“Slavery” describes the condition of a person or people in permanent servitude, dating back to practices of human bondage that began during ancient times. These practices have taken different forms in the evolutionary sprawl of societies from small kingdoms through the vast reach of European imperialism. Primarily due to geographic proximity, throughout most of world history, people have been enslaved by others who have been “racially” (in our modern sense) identical. It was not until the early modern history (sixteenth and seventeenth centuries) that slavery assumed a racialized dimension, as the expansion of European empires accelerated with the Atlantic slave trade. New constructions of national, ethnic, and racial difference emerged as the concept of “race” developed as a crucial teleological justification for the enslavement of millions of Africans and their forced migration to the Americas. This point stresses the need for a substantive grasp of slavery and its central relationship within African American studies.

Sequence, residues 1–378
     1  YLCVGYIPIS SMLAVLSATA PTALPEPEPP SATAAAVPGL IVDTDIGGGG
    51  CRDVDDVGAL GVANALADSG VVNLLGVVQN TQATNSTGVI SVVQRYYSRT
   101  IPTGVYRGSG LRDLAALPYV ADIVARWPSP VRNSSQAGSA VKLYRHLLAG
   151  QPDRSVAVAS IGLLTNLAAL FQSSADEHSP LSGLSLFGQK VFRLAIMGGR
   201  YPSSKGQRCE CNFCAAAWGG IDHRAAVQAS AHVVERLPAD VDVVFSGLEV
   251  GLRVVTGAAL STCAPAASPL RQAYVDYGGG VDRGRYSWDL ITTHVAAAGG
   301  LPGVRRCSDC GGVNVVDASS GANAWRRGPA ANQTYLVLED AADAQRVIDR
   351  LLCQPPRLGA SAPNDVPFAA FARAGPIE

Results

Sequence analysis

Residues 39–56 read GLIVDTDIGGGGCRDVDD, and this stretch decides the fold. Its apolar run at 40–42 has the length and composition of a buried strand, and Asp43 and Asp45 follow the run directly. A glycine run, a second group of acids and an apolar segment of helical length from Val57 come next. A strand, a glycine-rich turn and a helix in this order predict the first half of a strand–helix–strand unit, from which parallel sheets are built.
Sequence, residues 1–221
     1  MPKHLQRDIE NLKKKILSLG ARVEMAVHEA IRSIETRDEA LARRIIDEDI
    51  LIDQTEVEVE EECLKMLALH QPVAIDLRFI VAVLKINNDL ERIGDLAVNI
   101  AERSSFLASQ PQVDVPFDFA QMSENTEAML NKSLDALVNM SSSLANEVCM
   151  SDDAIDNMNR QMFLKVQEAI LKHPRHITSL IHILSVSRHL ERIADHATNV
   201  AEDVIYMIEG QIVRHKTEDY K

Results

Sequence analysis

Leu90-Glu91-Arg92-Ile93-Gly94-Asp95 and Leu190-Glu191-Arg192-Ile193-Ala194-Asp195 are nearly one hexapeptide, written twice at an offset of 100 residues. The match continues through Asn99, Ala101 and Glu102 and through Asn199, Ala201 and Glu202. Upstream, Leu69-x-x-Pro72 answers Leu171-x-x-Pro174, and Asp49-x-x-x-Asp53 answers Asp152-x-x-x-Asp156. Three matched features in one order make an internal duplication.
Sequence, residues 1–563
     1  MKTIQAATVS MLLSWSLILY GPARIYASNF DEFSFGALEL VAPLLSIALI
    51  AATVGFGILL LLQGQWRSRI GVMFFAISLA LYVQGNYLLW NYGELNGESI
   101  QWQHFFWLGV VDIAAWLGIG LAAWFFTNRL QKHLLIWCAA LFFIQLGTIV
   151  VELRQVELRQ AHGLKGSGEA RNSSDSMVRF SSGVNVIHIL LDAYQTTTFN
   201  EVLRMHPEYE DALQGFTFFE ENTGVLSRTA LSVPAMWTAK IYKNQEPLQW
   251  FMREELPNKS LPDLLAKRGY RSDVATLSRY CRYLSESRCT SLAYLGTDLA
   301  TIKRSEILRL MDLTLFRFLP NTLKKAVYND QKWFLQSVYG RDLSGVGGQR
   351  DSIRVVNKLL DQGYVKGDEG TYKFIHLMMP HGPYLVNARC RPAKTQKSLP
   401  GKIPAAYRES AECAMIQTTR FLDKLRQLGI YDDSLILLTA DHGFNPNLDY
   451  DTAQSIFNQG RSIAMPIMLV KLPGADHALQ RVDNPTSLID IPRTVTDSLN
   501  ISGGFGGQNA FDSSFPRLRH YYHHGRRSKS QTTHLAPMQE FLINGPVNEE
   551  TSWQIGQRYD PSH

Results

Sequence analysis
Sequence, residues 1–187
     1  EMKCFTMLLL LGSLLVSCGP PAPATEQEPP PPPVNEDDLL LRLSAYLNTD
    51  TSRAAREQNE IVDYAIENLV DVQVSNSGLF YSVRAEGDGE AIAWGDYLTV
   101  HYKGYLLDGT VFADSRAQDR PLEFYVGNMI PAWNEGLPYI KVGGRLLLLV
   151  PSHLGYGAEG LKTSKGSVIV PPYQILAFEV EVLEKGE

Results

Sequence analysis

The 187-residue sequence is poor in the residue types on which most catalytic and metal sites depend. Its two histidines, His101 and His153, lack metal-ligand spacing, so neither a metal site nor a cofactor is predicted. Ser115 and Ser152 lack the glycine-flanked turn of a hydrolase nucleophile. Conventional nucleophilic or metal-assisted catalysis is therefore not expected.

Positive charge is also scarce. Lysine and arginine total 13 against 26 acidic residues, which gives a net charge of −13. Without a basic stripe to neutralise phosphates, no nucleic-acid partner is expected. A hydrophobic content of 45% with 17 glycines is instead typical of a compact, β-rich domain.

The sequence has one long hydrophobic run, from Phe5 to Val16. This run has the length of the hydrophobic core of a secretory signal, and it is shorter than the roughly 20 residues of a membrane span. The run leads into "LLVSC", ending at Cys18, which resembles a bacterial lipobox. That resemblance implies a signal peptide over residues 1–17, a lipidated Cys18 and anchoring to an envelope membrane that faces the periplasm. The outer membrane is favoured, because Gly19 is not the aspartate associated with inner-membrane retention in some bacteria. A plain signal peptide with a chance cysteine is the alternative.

This essay may be found on page 201 of the printed volume.

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